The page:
As the US government continues to pander to the farm states by subsidizing the price of ethanol and encouraging its use as an energy fuel, our southern neighbors are feeling the pinch.
According to a February 1, 2007 article on CNN.com, there have been mass protests over a dramatic rise in the cost of corn based tortillas, a staple of the Mexican diet. For many US consumers, it is hard to imagine how the price of such a product can spark any kind of reaction at all, but here is a quote from the article titled Mexican official downplays protest over tortilla prices:
Since taking office December 1 after a disputed election, Calderon has drawn his greatest criticism for failing to control the largest tortilla price rise in decades.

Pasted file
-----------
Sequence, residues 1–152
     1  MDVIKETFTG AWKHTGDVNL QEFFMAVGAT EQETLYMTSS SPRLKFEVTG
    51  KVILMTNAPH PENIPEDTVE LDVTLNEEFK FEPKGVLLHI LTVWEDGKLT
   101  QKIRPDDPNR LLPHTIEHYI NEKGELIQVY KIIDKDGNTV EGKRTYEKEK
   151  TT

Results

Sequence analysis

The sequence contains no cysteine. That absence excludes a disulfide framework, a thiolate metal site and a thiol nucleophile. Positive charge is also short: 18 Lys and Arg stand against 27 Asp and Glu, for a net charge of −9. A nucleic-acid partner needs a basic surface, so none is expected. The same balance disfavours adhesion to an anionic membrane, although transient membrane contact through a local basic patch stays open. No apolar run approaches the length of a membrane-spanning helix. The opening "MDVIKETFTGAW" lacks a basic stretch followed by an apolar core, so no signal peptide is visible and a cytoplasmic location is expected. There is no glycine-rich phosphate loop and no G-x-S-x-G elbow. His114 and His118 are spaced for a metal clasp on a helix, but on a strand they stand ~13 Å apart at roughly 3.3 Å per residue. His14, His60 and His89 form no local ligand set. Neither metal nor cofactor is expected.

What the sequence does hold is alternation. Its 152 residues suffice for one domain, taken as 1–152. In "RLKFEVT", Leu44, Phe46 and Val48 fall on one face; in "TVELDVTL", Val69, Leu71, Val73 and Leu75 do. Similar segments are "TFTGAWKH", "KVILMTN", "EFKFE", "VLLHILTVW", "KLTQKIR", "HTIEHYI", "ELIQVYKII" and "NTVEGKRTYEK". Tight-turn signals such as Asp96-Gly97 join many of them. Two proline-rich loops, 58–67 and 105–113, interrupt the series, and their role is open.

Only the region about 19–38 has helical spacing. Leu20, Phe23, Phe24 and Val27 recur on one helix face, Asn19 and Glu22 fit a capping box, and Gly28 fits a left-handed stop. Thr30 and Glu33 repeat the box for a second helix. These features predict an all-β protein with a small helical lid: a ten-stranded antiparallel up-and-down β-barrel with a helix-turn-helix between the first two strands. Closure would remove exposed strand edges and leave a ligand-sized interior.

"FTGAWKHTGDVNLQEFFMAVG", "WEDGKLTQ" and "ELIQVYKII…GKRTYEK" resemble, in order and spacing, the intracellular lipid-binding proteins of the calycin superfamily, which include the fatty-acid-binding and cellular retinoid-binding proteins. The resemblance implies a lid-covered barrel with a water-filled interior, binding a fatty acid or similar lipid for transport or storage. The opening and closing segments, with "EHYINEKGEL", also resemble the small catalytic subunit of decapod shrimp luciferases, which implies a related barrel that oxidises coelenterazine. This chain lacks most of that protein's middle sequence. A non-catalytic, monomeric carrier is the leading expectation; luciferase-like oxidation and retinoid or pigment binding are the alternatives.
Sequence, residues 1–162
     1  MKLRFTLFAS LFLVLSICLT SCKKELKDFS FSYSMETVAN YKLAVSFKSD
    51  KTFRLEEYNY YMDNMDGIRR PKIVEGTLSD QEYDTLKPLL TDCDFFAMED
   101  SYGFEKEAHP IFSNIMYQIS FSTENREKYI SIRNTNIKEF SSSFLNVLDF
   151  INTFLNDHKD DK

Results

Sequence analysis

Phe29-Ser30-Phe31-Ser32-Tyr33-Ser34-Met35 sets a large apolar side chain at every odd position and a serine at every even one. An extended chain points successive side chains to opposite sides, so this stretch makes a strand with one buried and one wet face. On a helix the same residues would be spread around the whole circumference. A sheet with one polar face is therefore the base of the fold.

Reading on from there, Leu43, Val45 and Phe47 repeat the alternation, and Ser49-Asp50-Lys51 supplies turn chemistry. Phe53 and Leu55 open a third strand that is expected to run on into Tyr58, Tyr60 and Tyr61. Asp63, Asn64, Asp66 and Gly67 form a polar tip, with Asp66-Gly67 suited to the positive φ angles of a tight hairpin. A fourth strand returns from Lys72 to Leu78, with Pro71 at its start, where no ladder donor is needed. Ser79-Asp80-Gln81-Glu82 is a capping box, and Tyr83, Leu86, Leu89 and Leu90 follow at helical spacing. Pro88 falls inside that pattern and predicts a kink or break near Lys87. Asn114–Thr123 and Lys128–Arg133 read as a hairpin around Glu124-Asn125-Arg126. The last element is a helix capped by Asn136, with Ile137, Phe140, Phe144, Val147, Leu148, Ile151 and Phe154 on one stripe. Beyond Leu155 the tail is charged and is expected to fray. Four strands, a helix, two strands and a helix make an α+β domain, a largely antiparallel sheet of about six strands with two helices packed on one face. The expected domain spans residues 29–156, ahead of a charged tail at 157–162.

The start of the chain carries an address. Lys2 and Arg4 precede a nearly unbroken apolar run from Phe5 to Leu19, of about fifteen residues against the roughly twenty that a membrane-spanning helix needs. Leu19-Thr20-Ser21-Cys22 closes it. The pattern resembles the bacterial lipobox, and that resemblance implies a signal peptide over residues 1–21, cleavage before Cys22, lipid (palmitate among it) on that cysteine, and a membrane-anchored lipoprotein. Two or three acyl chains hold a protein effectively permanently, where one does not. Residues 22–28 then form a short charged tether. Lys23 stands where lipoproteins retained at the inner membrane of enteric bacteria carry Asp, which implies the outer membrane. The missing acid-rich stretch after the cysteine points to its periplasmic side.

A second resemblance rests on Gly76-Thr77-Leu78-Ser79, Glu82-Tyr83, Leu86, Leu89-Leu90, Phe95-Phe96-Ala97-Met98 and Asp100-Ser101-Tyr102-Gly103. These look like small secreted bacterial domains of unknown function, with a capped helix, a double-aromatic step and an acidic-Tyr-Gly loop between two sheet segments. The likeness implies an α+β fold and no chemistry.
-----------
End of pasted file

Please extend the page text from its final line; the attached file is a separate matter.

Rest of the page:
Many Mexicans are angry about tortilla prices that have doubled over the last year to roughly 10 pesos (91 cents) per kilogram (2.2 pounds).
With the new prices, workers earning the minimum wage could spend a third of their earnings on tortillas for their families.
I find it interesting that CNN played the story as a battle against actions or inactions taken by the Mexican government, while Earthtimes.org found a different cause for the problem in a post titled Mexicans march in protest against soaring tortilla price:
MEXICO CITY: Several thousands of Mexicans marched through the capital Mexico City Wednesday protesting against the rising price of tortillas, the flat bread that constitutes the staple diet for the poor in the country.
The higher demand for corn in the U.S. to make ethanol has sent its prices soaring, which in turn has affected price of tortilla, which is mostly made of corn flour. According to estimates, there has been a 400 per cent increase in the price of the bread in recent times. Mexico imports corn from the U.S. to meet shortages in its domestic production.